Waste-based techniques: eg producing less waste and recycling more, off-site prefabrication, modern methods of construction
A building creates lots of waste in construction and demolition therefore it must be ensured that the building is as sustainable as possible, this can be achieved in many ways, for example; steel frames are recyclable as they can be melted down and used again, similarly wood once knocked down can be used to make wooden chippings and also burnt to create energy or heat. Workers on site can also be educated in order to teach them how to reduce the waste they produce whilst working and also the importance by offering rewards as extra encouragement to reduce. Although waste can be reduced it will not be absent therefore it is important that the waste can be recycled for example old bricks can be cleaned and reused on new builds. Glass can also be cleaned to create new glass and concrete can be broken down and used. All of these recyclable materials can be brought along with materials that have been over brought from different jobs. A lot of clients opt for of site fabrication which is when sections of the build are created off site then transported on site and put together easily. The reason most people choose this is that it is quicker than building on site as all of the tools and equipment required are in the warehouses where these are built and the workers are ready and have all the space they need, this also makes it very productive using less energy. Offsite fabrication often uses renewable materials and some even plant a tree for every cut down and using offsite fabrication reduces the carbon footprint.

M3
Compared sustainable construction techniques in terms of relative cost and performance.

Cost is a very important factor that must be considered when starting a project.

Energy based techniques involve running the building as efficiently as possible with as little energy as possible therefore this will cut the costs as less electricity is being used. Renewable energy resources can also be utilised to make the most of any space for example the roof can have solar panels to generate energy for the building and reduce the running costs however the solar panels are expensive to buy and it will take a long time in this country to see a return from your investment.

Material based techniques are efficient as valuable materials are being reused instead of being thrown away to create new materials the existing materials are just used and these are very cheap as the person selling them will have to pay to put them in a landfill or skip therefore it is very cost effective. Sustainable wood is when for every tree cut down to make wood another is planted, this is very sustainable and good for the environment however the trees that are planted have to be paid for. As I said before wool can be used as insulation which can be a lot cheaper than manufactured insulation. ‘Sheep wool insulation is an outstanding insulator. For thousands of years sheep have been able to survive the elements using their wool coats to protect them from extreme cold and heat. Due to the crimped nature of wool fibres, they form millions of tiny air pockets that trap air, helping to provide a thermal barrier.’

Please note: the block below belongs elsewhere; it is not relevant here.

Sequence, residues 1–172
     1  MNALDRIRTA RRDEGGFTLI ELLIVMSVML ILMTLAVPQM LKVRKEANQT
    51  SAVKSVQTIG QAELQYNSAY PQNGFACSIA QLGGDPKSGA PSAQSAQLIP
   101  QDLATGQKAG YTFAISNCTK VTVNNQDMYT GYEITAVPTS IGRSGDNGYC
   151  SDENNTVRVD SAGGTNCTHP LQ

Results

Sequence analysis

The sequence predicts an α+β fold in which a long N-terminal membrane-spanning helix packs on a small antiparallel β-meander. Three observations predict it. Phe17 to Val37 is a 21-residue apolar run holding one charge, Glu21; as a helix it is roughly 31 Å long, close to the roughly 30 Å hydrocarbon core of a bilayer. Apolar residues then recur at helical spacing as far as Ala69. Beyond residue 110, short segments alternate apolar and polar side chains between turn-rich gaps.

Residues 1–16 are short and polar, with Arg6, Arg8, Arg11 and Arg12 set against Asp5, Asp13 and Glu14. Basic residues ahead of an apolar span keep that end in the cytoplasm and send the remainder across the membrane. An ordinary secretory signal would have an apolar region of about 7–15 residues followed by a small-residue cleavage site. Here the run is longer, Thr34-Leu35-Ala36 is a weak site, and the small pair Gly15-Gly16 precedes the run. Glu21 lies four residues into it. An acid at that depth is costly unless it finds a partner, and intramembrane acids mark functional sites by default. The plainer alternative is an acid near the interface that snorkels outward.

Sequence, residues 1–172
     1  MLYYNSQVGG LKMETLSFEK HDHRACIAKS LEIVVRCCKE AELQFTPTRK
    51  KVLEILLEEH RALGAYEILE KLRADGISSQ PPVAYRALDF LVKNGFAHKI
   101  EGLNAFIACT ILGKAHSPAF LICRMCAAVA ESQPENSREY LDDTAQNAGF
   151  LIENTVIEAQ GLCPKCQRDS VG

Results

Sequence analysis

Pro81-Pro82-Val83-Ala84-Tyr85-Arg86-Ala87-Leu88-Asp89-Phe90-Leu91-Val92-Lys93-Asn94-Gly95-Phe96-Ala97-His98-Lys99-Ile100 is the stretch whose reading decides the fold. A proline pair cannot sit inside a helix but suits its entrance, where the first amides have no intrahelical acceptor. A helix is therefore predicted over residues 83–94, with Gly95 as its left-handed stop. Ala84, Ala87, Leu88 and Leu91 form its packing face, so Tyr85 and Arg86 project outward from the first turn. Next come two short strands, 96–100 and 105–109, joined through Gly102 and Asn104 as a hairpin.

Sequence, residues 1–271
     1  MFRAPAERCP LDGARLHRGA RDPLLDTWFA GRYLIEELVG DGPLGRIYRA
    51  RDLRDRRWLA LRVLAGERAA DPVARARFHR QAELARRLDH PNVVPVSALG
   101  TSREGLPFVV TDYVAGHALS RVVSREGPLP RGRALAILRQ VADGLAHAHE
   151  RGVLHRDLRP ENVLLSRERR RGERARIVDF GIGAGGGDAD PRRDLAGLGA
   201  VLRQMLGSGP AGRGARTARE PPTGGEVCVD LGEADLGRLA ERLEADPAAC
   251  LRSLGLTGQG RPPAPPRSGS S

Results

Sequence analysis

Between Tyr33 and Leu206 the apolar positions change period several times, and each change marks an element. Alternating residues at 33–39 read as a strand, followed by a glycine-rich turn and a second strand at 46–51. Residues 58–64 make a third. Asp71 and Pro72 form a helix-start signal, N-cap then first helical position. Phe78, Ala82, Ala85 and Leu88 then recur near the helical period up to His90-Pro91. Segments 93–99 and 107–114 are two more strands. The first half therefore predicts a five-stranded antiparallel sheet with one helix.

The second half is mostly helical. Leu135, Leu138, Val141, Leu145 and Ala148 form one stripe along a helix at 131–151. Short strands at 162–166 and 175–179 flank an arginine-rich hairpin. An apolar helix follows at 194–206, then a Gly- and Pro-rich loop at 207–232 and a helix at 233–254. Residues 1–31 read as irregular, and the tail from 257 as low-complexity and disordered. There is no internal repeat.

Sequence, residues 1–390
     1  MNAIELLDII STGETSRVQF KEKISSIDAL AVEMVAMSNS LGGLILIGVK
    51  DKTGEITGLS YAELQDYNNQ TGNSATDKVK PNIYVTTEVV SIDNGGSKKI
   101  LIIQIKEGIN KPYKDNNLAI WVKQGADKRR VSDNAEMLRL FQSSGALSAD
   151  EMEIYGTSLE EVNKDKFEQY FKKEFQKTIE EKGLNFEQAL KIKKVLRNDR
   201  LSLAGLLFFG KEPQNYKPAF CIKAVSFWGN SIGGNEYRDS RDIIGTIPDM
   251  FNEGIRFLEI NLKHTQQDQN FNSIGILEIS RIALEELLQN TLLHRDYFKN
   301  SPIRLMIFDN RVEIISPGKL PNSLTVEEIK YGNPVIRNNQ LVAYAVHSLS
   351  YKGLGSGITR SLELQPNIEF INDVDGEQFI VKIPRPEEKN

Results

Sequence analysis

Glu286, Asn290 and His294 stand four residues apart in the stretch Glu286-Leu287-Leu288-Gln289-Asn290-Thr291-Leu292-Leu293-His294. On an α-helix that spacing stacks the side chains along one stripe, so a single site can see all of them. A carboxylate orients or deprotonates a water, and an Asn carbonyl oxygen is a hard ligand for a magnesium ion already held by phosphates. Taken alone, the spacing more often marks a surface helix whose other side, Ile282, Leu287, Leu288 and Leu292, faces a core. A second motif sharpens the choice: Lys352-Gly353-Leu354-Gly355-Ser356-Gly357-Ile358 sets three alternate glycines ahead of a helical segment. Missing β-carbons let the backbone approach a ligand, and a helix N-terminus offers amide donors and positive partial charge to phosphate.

Waste based techniques are cheap as the materials are being brought instead of being thrown away therefore they are very cheap. The person demolishing the building would have to pay to put the materials in a landfill therefore they are saving money selling them so they will also be alot cheaper.’embodied costs associated with the extraction, production, manufacture and transportation of building materials are immense. Using reclaimed materials can significantly reduce these environmental impacts, and save up to 95% of the embodied costs by preventing unnecessary production of new materials, and reducing the amount of waste sent to landfill.’

In conclusion waste based techniques is the most cost effective as the materials the building is made of are very cheap from the beginning. The next most cost effective is material based techniques as they involve using different materials however they can cost more. Energy based techniques are cost effective in the long run if using solar panels however biofuels can be more expensive. However all 3 sustainable techniques can be used to create a more sustainable building and also these techniques can be used to save money.

Performance this is another important factor as a technique must work well in order to be used.

Energy based techniques offer a high level of performance as things like light sensors will turn lights on when they are needed therefore the light is the same as if the light was on all the time however it is saving energy to run the light. Solar panels will give energy that is clean instead of using fuel which produces fumes however the energy from both creates the same electricity therefore the performances is not decreased by using the solar panels.

Material based techniques are high in performance also as they involve using sustainable materials that are good for there job for example sheeps wool which performances as good as manufactured installation and sustainable wood which will perform the same as any other wood that is the same quality.

Waste based techniques are of high performance as long as they are treated correctly for example a brick that has been used for the demolished building will have aged therefore to be returned to its former glory must be treated so that it is strengthened to be as good as bricks that would be brought. The materials being brought must be checked for performance as they may have defects that can affect their performance.

In conclusion I believe all the methods can have good performance as long as the correct materials are brought although energy methods have the best performance of the 3. Energy methods involves using the same energy therefore as long as the energy is strong enough it is the same.

D1
assess the importance of addressing environmental issues for the mutual benefit of
the community and individual construction firms